Cry of the Poor

Pamphlet "Cry of the Poor"

Reviewed by Keith Evans for Bristol Trades Union Council

Cry of the Poor “being a Letter from Sixteen Working Men of Bristol to the Sixteen Aldermen of the City”

First published by
W. And F. Morgan, Bristol, 1871.

This 2021 edition is published by Bristol Radical History Group with an afterword by Trish Mensah, Ian Wright and Barbara Segal. ISBN: 978-1-911522-61-4

Available from:
Bristol Radical History Group

The reprinted letter in the pamphlet and the commentary by the Bristol Radical History group forms a concise and easily accessible case history on the topic of municipal social reform. A line from the final paragraph of “Final Thoughts” by group members Trish Mensah, Barbara Segal and Ian Wright offers a central conclusion, or lesson, to be drawn. “The current situation in Bristol, as elsewhere, is a salutary reminder that even when improvements in workers’ quality of life have been won, they can’t be taken be taken for granted.”

At the time of the letter itself there were generally sixteen aldermen in the council who wielded considerable power and were overwhelmingly Conservatives. The sixteen working mens’ letter sets out six demands that the writers considered necessary to alleviate the poor living conditions of the labouring classes in Bristol – clean air, free public parks, swimming pools, no tolls for using bridges, public libraries and a fish market. The last demand actually encompassing better facilities for obtaining food generally.

The letter is carefully crafted. Underlying its six demands are found unfavourable comparisons such as Bristol lagging behind other cities of lesser antiquity in implementing reforming acts of parliament, as in the plea for purer air “ There is an act for the Consumption of Smoke made by factories: we call upon you to enforce it without respect to persons, this is done effectually in London and elsewhere – let it be done in Bristol”. (The acts granting powers for welfare and social reform are detailed in the Radical History Groups Afterword.) Again, under parks, the letter refers to the parks existing in towns in the north “ most of which were mere villages when Bristol was a famous sea port”

In its final paragraphs the letter is more forthright in its complaints, particularly around the inequality in benefits from contributions to rates and taxes of the city. Whether there were exactly sixteen workmen to match the number of aldermen or not, we find in the complaints a comparison of the lives of each class. “you can … do much to lessen and to remedy the evils under which we labour … we should no longer grudge you your beautiful houses … or grumble so much at having to pay such a large part of the £300,000 you are spending to bring your big ships up the river …”, the last point being a reference to the typically Bristolian saga of the debate on “dockisation” of the Avon, still very much raging and concerning ratepayers and councillors in 1871.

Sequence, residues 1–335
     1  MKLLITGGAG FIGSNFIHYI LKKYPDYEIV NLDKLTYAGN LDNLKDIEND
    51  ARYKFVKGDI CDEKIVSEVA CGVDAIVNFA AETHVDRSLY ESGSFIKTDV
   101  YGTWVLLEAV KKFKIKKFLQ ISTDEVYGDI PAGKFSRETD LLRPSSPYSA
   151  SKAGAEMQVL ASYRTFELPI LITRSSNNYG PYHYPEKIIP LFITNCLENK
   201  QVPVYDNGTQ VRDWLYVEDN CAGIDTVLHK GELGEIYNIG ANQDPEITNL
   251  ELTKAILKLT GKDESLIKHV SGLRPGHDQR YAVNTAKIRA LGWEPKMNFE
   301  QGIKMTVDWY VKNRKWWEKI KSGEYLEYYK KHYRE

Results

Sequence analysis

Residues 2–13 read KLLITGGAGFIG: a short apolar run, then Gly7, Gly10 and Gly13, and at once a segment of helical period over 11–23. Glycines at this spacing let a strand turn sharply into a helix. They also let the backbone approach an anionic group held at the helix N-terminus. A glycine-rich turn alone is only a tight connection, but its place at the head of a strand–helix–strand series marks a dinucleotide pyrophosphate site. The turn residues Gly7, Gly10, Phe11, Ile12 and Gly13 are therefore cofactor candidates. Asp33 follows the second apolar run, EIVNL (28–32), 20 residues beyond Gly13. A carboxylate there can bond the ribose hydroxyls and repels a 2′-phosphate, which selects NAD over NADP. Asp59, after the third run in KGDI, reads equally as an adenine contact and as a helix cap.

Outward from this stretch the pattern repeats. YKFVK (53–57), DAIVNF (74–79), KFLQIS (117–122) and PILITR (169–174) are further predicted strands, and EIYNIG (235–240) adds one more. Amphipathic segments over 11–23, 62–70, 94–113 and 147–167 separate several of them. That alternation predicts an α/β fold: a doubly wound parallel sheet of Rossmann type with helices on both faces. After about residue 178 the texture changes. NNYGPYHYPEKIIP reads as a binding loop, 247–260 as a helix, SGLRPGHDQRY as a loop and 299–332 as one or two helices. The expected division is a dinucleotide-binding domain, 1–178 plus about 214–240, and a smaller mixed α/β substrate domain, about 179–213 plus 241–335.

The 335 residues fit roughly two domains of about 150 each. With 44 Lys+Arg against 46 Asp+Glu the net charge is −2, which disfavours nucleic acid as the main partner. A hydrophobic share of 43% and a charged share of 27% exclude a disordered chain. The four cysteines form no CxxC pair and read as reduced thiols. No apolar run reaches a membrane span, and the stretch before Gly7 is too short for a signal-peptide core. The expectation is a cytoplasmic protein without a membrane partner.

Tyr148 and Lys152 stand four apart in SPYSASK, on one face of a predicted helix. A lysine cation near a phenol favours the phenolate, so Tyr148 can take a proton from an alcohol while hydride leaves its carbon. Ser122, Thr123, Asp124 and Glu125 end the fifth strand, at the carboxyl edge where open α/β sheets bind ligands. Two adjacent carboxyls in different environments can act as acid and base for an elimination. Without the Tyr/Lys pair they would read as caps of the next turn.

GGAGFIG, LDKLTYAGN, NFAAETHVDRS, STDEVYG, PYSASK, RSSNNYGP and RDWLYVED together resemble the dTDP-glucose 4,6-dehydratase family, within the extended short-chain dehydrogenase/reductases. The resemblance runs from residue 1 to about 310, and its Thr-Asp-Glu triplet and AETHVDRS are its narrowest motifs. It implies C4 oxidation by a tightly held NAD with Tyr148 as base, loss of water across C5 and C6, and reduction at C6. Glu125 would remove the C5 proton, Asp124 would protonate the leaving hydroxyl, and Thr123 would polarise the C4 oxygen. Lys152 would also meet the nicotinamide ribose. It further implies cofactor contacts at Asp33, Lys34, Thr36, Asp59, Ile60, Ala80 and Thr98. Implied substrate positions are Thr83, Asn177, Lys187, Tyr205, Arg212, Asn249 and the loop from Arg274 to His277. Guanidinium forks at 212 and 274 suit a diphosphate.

The history group’s writers, in describing the effects of the letter, report the length of time it took to acheive the desired gains, writing “However, apart from a brief period in the 1870s, working class militancy , with its more organised threat to middle class privilege , did not emerge until the late 1880s “ and in the pamphlet’s Afterword they refer to the increasing trades union membership between the early 1850s and 1874.

Bristol Trades Council was established in 1873. Research for my dissertation Social Reform and Welfare Issues in Bristol Municipal Elections 1885 -1914 found Frank Sheppard, the prominent Socialist and Labour councillor, rueing “what could be achieved if the electorate was to show the same interest in the local elections as it did in general elections”. For Labour the factor which swung the [municipal] votes to that party was industrial unrest. A struggle with employers, whether successful or unsuccessful, brought together assemblies of trade union members and enabled the trade union leaders and Labour candidates (sometimes the same people) to use the platform to get across to the workers the political message that representation on the city council could affect pay and conditions across the district. After the city’s extension, which took in wards in the working class east , the establishment of a solid electoral base was enabled in which the interests of the classes who had need for improvement in their conditions were likely to be advanced as issues in municipal elections.

The Cry of the Poor is a valuable text; concise, informative and timely in its lesson around the unsatisfactory situation around health and welfare which exists 150 years after original calls were made on behalf of the working class. As the Radical History Group writers say “This account has shown that progressive change requires both time and persistence.”

Reviewed by Keith Evans : UNITE Retired Members Branch delegate to Bristol Trades Union Council.

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